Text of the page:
Review : Yo Gotti - Live From the Kitchen
PitchforkMemphis' Yo Gotti is the latest subject in the rap industry's ongoing, long-term study: If an album is released in a Best Buy and no one is around to purchase it, does it exist? As it pertains to Live From the Kitchen-- the rapper's first major-label album, despite having been in the game for over a decade-- the answer might as well be no. To be fair, 16,000 people bought it in its first week, but amongst his fans, there's little doubt that Live instantly took a backseat to the mixtapes and tracks that preceded it. That's something close to a shame, because it's a solid, listenable, blue-collar rap album, the sort of thing that used to start careers as opposed to branding them dead on arrival.
Live From the Kitchen sounds like a professionally mastered mixtape, which explains why it succeeds artistically while failing commercially. On the one hand, Gotti stays in his lane, repeating the textbook trap music that he's been pumping out for years with slight updates from producers du jour like Lil Lody and Mike Will. On the other, the updates are very slight, and any of these songs could be dropped into an installment of Gotti's Cocaine Music mixtape series without anyone being the wiser-- it's hard to expect many people to pay for something that they've routinely been given for free over the course of a few years.
It is that consistency that is Gotti's calling card, and he carries it over to Live From the Kitchen with ease. He is a classic example of a rapper succeeding as much for how he sounds when saying something as opposed to what he says, but his lyrics have a striking directness that has allowed him to build the type of grassroots fanbase that can serve as a livelihood, even if they don't show up to retail stores. "Testimony", the album's opening track, is a perfect example: Not only does Gotti sound inherently right over DJ Montay's synth horns, but the outlining of his upbringing as a street dealer features no hint of braggadocio or cinematic theatrics. The tone isn't as much somber as it is unflinchingly matter-of-fact, which is an approach that still holds its appeal even during the reign of Rick Ross....full text
XxlmagAfter plenty of delays, buzz and mixtapes, Yo Gotti has finally delivered his debut major label solo album, as he serves as master chef, cooking up hard rhymes over block-hugging beats on Live From The Kitchen.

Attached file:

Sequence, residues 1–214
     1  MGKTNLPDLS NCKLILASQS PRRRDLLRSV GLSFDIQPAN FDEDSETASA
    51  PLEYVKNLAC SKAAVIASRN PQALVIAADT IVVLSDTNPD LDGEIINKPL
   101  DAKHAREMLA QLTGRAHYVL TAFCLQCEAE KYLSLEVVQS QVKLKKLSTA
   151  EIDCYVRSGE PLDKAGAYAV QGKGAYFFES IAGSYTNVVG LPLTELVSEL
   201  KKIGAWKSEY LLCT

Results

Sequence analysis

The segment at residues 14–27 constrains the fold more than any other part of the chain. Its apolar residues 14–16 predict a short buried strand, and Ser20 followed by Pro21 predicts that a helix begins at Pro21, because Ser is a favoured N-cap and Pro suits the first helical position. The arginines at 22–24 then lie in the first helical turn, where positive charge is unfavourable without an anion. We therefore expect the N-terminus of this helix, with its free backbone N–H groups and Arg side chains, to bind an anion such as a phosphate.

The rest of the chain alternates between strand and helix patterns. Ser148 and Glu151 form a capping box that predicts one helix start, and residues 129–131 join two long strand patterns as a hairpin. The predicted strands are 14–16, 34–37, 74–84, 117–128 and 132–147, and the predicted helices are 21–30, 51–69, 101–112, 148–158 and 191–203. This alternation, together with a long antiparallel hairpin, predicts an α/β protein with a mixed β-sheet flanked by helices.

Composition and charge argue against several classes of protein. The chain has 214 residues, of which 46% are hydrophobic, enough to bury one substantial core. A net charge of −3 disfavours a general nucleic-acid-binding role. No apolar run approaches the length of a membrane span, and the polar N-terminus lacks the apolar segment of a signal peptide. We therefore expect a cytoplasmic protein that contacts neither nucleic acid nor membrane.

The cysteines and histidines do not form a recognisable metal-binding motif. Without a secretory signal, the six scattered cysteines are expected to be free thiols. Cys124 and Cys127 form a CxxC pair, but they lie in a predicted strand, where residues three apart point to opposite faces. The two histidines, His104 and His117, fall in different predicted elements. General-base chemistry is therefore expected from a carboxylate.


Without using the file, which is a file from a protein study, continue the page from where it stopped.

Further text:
The Memphis rapper sets the tone on this 11-track album with the opener “Testimony,” on which Gotti declares, “Cocaine dose, fish…vicious/Pray the lord forgive a nigga, streets is my religion.” From there, the instrumental for “Harder” bangs through the speakers with Gotti and Rick Ross’ trading fitting tough-talk and gritty rhymes. Gotti also gets five-star assists from the likes 2 Chainz on “Cases” and Jadakiss on “Red White And Blue.” The latter has Gotti reminding fans that he moves that work, kicking rhymes like, “Haha, 18 wheeler fulla/Pounds of major green and thirty bricks inside a Honda/He don’t speak any English, all he know is numbers/That’s my mans he plug me, he gon’ get me through the summer.”
Although Gotti gets lost on the shuffle on “Go Girl,” which has him on one crowded track with Big K.R.I.T., Big Sean, Wale and Wiz Khalifa, overall, the album has a good balance of solo tracks and features, with the female-friendly “We Can Get It On” serving as a nice change-up to the hard hustling tone of the album. Now, get in the kitchen and listen. Gotti!...full text
HiphopdxYo Gotti deserves a medal, because Live From The Kitchen is just about the most predictable rap album you could ever listen to. That's quite a dishonorable achievement for most, but in Gotti's world, predictability plays heavily into a fan base that wants the same kind of songs to slip into rotation. From the title alone, you can guess what the Memphis-raised Yo Gotti's studio debut is going to sound like - and as it progresses it confirms every suspicion.
Being that it's called Live From The Kitchen, you know that Gotti is all about his trap raps and talking about the white powder world he was so successful in. And that's largely all he can be bothered to write about, right from the opener, "Testimony," which he kicks off by talk-rapping, "If I should die 'fore I wake/ I pray the streets my work to take." (Now that's a legacy!) The producers he's procured beats from include (of course) Lex Luger, Drumma Boy, Lil' Lody and Shawty Red. While it's a lofty enough set of names, they hand Gotti beats that largely sound like half-assed takes of any random Southern drug-centric album to have been released since Jeezy first got on his thug motivational regime....full text
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